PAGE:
You probably see them behind stores all of the time--free shipping pallets make great recycled wood for building raised garden beds. If you're using the Mel Bartholomew method of Square Foot Gardening, you will need to confine your garden soil and keep it off of the ground, so the nutrients don't leech out and children and animals don't trample it.
Skids are better than cheaper pallets because they offer more wood.
Select sturdy pallets for your project. The easiest ones to break down are the skids used to transport heavy items like concrete or bricks. These are most often available behind home-improvement warehouses.
Plot out the size of your raised bed. The most common size is 4 by 4 feet square, which will allow you to easily reach into the deeper areas of the garden bed. Alternately, create a larger bed, or several four-by-four squares.
Pound stakes into the ground at every corner, and at 12 inch intervals throughout the perimeter of your garden. For a four-by-four garden plot, use 16 wooden support stakes. Pound the support stakes halfway down into the ground, so if they're 12 inches long, 6 inches should remain above the ground. For 18-inch support stakes, leave 9 inches above the ground.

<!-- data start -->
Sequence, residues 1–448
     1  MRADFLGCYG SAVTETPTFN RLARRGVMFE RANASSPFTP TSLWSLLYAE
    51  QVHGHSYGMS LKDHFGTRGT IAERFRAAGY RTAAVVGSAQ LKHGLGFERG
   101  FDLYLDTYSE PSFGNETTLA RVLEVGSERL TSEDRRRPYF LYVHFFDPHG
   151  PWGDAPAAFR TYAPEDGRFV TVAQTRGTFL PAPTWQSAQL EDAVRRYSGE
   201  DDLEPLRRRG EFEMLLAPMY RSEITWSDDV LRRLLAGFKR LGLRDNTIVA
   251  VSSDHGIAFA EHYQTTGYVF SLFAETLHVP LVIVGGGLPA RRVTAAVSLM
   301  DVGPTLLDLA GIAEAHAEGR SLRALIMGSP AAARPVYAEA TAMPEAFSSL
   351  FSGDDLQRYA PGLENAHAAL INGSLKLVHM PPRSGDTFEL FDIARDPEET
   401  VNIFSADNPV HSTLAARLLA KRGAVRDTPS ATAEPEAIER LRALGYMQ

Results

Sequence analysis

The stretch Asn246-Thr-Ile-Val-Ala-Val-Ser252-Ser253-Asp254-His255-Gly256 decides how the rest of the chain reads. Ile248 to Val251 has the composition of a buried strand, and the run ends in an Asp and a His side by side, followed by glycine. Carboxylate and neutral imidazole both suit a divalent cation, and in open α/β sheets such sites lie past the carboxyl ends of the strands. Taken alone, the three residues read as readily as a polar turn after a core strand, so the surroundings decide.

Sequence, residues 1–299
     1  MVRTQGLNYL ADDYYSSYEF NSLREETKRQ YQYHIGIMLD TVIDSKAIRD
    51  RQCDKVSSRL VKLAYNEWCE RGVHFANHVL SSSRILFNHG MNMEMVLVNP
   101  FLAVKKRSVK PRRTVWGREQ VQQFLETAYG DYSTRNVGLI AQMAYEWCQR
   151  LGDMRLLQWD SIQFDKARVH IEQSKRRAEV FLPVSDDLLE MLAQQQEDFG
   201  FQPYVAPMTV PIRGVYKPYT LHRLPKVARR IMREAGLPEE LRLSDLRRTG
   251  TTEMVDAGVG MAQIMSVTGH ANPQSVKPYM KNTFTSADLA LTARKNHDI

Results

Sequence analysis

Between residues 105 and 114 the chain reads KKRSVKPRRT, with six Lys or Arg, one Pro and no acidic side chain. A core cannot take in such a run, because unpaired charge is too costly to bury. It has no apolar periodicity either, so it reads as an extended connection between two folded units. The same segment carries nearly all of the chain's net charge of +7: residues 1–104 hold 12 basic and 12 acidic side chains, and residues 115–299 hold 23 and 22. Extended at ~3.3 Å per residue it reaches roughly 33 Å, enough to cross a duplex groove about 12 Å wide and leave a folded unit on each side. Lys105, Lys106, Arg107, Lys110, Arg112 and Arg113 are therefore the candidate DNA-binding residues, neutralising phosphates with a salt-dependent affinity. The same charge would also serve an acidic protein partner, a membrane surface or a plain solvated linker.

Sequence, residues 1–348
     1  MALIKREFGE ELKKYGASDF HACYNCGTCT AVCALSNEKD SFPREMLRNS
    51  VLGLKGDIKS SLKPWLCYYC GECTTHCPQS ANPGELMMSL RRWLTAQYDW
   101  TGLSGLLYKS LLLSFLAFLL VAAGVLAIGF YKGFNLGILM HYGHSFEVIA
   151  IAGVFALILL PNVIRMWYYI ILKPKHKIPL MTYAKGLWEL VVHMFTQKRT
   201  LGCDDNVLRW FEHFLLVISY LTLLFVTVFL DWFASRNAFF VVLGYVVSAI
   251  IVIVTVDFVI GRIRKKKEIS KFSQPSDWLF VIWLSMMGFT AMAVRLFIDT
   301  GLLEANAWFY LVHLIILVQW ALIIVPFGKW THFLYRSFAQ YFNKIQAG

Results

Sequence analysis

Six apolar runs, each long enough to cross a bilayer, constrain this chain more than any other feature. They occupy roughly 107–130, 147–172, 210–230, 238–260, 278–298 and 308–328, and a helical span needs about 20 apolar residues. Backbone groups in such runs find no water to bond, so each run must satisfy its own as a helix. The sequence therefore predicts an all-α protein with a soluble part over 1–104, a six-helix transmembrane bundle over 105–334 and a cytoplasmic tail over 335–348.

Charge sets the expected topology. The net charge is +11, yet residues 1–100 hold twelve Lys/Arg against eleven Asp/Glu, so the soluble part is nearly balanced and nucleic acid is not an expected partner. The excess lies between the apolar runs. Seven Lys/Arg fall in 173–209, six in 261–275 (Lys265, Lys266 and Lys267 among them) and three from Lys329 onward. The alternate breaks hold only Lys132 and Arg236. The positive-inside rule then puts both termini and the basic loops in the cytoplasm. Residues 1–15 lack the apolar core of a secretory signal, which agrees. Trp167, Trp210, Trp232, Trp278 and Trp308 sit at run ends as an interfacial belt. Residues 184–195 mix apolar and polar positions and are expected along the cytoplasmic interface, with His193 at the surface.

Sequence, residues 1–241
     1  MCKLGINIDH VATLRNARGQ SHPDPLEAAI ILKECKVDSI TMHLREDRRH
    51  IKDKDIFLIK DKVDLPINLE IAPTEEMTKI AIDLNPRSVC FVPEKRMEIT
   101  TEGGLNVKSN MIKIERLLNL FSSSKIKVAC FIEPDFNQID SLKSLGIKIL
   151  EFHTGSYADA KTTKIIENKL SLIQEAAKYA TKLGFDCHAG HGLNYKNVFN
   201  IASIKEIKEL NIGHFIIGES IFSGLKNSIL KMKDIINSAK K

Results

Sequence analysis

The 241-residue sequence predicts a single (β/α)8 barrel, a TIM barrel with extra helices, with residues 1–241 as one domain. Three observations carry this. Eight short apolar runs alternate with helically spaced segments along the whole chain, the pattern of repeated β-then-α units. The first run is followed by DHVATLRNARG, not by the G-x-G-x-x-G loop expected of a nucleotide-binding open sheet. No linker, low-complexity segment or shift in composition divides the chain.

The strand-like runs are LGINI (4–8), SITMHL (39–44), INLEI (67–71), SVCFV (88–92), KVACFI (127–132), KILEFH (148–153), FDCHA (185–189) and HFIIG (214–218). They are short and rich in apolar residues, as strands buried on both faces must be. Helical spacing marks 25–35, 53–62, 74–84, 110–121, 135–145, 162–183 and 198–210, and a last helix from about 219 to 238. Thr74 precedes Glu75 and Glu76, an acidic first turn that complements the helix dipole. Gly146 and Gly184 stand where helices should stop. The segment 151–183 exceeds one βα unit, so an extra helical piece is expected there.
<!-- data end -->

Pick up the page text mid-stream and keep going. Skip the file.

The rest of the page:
Cut the long pieces of wood that make the surface of the skid away from the frame by cutting straight through the frame, in between the slats. Some of your pieces will still have the framing attached to them. That's OK, as it gives you a surface to screw onto the support stakes.
Screw the wood directly to your support stakes. They'll fit a 4-by-4 foot bed perfectly. Otherwise, trim the pieces down and custom engineer them to fit your desired size.
Line the bottom of your raised bed with cardboard or newspaper to keep the native plants or grasses from growing up through your soil. These materials break down fairly quickly, lasting just long enough to ensure that the grass underneath is smothered long enough for your vegetables to grow.
Fill the bed with a soil mixture. Amend your soil as needed with peat moss, hummus, sand or organic compost. The Square Foot Gardening book gives specific recommendations for soil amendments, so you can customise a mixture that makes the most of your native soil, or completely replace it.
- Ask permission from the shopkeeper before taking wooden pallets. Chances are, they'll be happy to get rid of them, but if they already have an agreement with someone else to pick them up, you may be committing a crime by removing them without permission--even if they're out by the dumpster.
- If you end up coming across rusty nails, be careful that you don't step on them or otherwise impale yourself. If that happens, visit a medical care facility for proper cleaning and repair, which may include a tetanus shot.